The Inner Self

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The Inner Self

Z.Z Packer has a very unique style of writing that brings the reader deep into the character’s heart and soul. In her short story, “Drinking Coffee Elsewhere”, we get look inside of a social outcast named Dina and the struggle of finding her own identity in completely new atmosphere. The challenges she has to endure during her journey to explore the inner self. Packer main subject matter is on the topic of isolation and the tension inside of a well-constructed community. The idea of “true self” refers to a person’s ability to openly express their true emotion. In the story, the protagonist Dina is so guarded by her feelings that they are afraid to uncover her true emotions, so hence she isolates herself from others. In reality, the only way for one to find it’s inner self is to connect with others with the same core values that also share the same experience. Dina is an African American from the city of Baltimore who she got accepted to attend the prestigious Yale University. During her orientation she was asked to name one object she would like to be, surprisingly her answer was to be a revolver, which she hoped to wipe out the entire world with it. Dina mindset in the beginning of the story is much reflects from her childhood and her inner personality, in which she thinks nobody in world understand her thoughts and feeling. Her answer landed a year of counseling in which during this time she would slowly reveal her side of the story, including her family and also her memories of the past. Isolation can be caused by numerous factors. A community can exclude an individual mainly been different, or they can purposely isolate themselves from the community. Dina is isolated from her Yale community, starting with the orientation leader’s remarks that she does not have to fit in to the white community’s standards and games because she is black. In isolation, Dina slowly develops a sense of control, a illusion of been in control, by connecting with others she would have the risk of losing that illusion of self control. One of main evidence was that Dina didn’t seem to get along with anyone during her beginning semester at Yale, in which she find hard to even talk to strangers. At a new place, people tend to find areas where it seem most resemblance the place where use to live. As Dina puts it “I don’t know, I think it’s the architecture”(3) that she believe this place doesn’t suit her and she is in need of exploring new ground to be able to connect with others. Architecture of place can resemble a lot of emotion of a certain place, that which whenever we move to a new it’s the architecture of the areas that give us feeling of exploring new grounds. Heidi was Canadian who also was dealing problems with social outcast. One of the main issues was that she was a lesbian, and been a lesbian can deal with a lot of stress from its surrounding peers. Heidi was in Dina’s Contemporary Poetry class, where they both learned the Frank O’Hara poem that sums up the issue they both dealing with. As from the story itself, "When I was a child," the person said, "I played by myself in a corner of the schoolyard all alone. I hated dolls and I hated games, animals were not friendly and birds flew away. If anyone was looking for me I hid behind a tree and cried out 'I am an orphan—' " (4) The quote from the poem gave us a much deeper look into Dina’s past life and the feeling she dealt with when she was a child. A person’s personalities often times begin during their childhood, and mature with them as they grown older. Dine had a very close personality at the very beginning, and over time it completely took over her mindset. Both Dina and Heidi lost their mom and came from families who had many issues dealing with family relationship. Dina herself that she hated her father as she explains,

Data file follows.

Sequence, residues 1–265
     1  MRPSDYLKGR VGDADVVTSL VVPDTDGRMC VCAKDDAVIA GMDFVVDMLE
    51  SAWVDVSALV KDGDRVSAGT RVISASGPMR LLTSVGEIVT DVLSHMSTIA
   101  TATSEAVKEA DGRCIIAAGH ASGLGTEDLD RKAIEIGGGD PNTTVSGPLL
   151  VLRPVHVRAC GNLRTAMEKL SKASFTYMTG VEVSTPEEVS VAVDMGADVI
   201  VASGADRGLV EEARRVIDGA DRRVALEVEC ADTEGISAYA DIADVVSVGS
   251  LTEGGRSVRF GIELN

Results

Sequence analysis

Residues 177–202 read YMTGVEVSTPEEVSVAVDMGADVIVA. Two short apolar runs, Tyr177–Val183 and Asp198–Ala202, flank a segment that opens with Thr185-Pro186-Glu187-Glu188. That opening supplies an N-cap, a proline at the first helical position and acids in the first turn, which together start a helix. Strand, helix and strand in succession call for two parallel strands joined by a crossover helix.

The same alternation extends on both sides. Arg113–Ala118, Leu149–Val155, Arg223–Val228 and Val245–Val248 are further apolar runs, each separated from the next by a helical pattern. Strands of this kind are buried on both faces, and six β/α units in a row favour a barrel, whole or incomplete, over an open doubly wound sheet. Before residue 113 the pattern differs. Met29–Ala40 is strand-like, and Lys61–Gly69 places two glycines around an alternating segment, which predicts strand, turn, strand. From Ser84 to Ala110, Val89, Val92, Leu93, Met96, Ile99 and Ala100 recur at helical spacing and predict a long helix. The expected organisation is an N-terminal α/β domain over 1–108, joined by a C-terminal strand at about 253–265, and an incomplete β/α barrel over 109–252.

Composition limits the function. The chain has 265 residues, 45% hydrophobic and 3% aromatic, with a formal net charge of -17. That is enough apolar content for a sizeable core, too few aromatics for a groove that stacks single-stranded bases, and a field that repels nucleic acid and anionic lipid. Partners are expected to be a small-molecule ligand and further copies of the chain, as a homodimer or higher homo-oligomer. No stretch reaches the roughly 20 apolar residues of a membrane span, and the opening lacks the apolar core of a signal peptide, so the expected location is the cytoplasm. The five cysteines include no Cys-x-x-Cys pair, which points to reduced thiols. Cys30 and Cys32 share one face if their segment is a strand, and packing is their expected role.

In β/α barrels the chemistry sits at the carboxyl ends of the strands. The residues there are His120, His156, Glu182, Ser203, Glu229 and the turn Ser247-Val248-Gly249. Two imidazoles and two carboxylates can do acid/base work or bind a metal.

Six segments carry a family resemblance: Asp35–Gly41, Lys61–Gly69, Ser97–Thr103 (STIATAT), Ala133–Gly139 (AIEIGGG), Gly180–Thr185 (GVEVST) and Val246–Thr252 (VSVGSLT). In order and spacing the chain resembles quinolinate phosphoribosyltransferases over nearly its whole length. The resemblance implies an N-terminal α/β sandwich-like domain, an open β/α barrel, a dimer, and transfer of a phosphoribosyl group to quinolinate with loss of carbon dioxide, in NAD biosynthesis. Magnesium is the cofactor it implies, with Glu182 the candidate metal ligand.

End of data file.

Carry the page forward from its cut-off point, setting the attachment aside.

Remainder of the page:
"I hate my father almost as much as I hate the word 'Dad.' " (7)...
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